**Harvard University**

**Fall 2016**

**Instructors: W. Pan, P. Protopapas, K. Rader**

**Due Date: ** Wednesday, October 15th, 2016 at 09:00am

In [146]:

```
# Panda and Numpy
import numpy as np
import pandas as pd
# SKlearn libraries
from sklearn.linear_model import LinearRegression as Lin_Reg
from sklearn.linear_model import Ridge as Ridge_Reg
from sklearn.linear_model import Lasso as Lasso_Reg
from sklearn.cross_validation import train_test_split as sk_split
from sklearn.neighbors import KNeighborsRegressor as KNN
import sklearn.preprocessing as Preprocessing
from sklearn.cross_validation import train_test_split
from sklearn.cross_validation import KFold
from sklearn.cross_validation import cross_val_score
# Statsmodel
from statsmodels.regression.linear_model import OLS
from statsmodels.sandbox.regression.predstd import wls_prediction_std
import statsmodels.formula.api as smf
# Various
import itertools as it
import statsmodels.api as sm
import scipy as sp
from itertools import combinations
import math
# Ploting libraries
import matplotlib
import matplotlib.pyplot as plt
import matplotlib.cm as cmx
import matplotlib.colors as colors
from mpl_toolkits.mplot3d import Axes3D
# Web scraping libraries
import urllib2
from bs4 import BeautifulSoup
%matplotlib inline
```

[Hagmann, Tim]

[CS 109a]

In [3]:

```
## Scrape the data from the table at below url
url = "https://cs109alabs.github.io/lab_files/"
page = urllib2.urlopen(url).read()
soup = BeautifulSoup(page)
```

In [4]:

```
## Export data to a datafile
with open('data/2016-10-15_meteor_data.csv', 'w') as f:
for tr in soup.find_all('tr')[1:]:
tds = tr.find_all('td')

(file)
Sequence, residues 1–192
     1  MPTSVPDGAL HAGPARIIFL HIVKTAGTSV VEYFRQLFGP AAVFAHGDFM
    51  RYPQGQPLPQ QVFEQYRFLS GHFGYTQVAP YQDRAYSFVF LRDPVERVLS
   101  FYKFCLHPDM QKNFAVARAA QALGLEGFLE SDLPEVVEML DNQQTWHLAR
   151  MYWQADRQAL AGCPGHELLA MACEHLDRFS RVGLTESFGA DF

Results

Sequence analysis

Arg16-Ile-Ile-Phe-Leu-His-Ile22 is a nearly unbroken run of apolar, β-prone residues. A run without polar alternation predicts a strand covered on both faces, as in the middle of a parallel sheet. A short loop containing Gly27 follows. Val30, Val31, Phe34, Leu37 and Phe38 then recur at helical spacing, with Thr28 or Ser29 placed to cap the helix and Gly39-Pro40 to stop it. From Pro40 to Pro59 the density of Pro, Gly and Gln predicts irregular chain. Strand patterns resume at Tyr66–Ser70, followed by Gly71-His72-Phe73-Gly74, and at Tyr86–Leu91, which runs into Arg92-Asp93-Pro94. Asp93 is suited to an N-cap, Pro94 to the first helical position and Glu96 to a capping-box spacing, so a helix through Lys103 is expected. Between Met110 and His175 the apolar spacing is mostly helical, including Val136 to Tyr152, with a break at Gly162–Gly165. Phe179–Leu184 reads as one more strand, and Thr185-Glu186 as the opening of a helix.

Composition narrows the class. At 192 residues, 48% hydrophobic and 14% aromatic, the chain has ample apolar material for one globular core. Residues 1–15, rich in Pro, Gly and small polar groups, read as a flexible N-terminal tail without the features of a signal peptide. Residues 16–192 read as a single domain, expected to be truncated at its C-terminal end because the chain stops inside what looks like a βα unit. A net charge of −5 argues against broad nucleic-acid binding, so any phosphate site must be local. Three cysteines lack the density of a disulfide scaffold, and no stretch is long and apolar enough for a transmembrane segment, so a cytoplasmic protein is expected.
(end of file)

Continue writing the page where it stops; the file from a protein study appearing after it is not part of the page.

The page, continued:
f.write("%s,%s,%s,%s\n"%(tds[0].text, tds[1].text, tds[2].text,tds[3].text))
```

In [73]:

```
## Add variable names
var_names = ["time", "x_coord", "y_coord", "z_coord"]
# Read the CSV file
df_meteor = pd.read_csv('data/2016-10-15_meteor_data.csv', names = var_names)
# Print head of the data
print df_meteor.shape
df_meteor.head()
# Sort dataframe
df_meteor = df_meteor.sort_values(by = 'z_coord', ascending = False)
```

In [74]:

```
# Extract the above variable data
x = df_meteor['x_coord']
y = df_meteor['y_coord']
z = df_meteor['z_coord']
time = df_meteor['time']
```

In [233]:

```
# Read population data
df_pop = pd.read_csv('data/pop_data.csv')
# Print head of the data
print df_pop.shape
df_pop.head()
```

Out[233]:

In [76]:

```
# Hight over time
plt.figure(figsize=(18, 10))
plt.plot(time, z, color="black", alpha=0.6, linewidth=3)
plt.xlabel('Time in seconds'); plt.ylabel('Altitude in kilometers')
plt.title('Plot I: Altitute of the meteor over time')
plt.grid()
```

In [77]:

```
print "Distance to impact: ", np.min(z), "kilometers"
```

In [78]:

```
# Visualize trajectory of the meteor in a 3d plot
fig = plt.figure(figsize = (18, 10))
ax = plt.axes(projection = '3d')
c = x - y
ax.set_title('Plot II: 3D trajectory of the meteor')
ax.set_xlabel('X-Coordinate (in km)')
ax.set_ylabel('Y-Coordinate (in km)')
ax.set_zlabel('Altitude im meter')
ax.scatter(x, y, z, c = c, color = "darkred")
```

Out[78]:

In [2]:

```
# Population plot
fig = plt.figure(figsize = (15, 15))
ax = plt.axes()
dot_size=df_pop['residents'].values * 10
ax.scatter(df_pop['x'].values,
df_pop['y'].values,
s=dot_size,
c=dot_size,
lw=0)
ax.set_xlabel('x'); ax.set_ylabel('y')
ax.set_title('Plot III: Plot of the population')
plt.grid()
# Add current location of the meteor
ax.plot(x[z == np.min(z)], y[z == np.min(z)], 'or', c="black")
```

- Wind has no impact on the meteors path
- No planetary rotation, i.e., the earth stands still

The first part is to split the dataset into a training and testing part. This is to avoid overfitting and spurios patterns that are only present in the dataset. Because of the small dataset of only 130 observations we split the data at 30/70, i.e., we're using the majority of the data (70%) to build the model.

In [237]:

```
## Split the dataset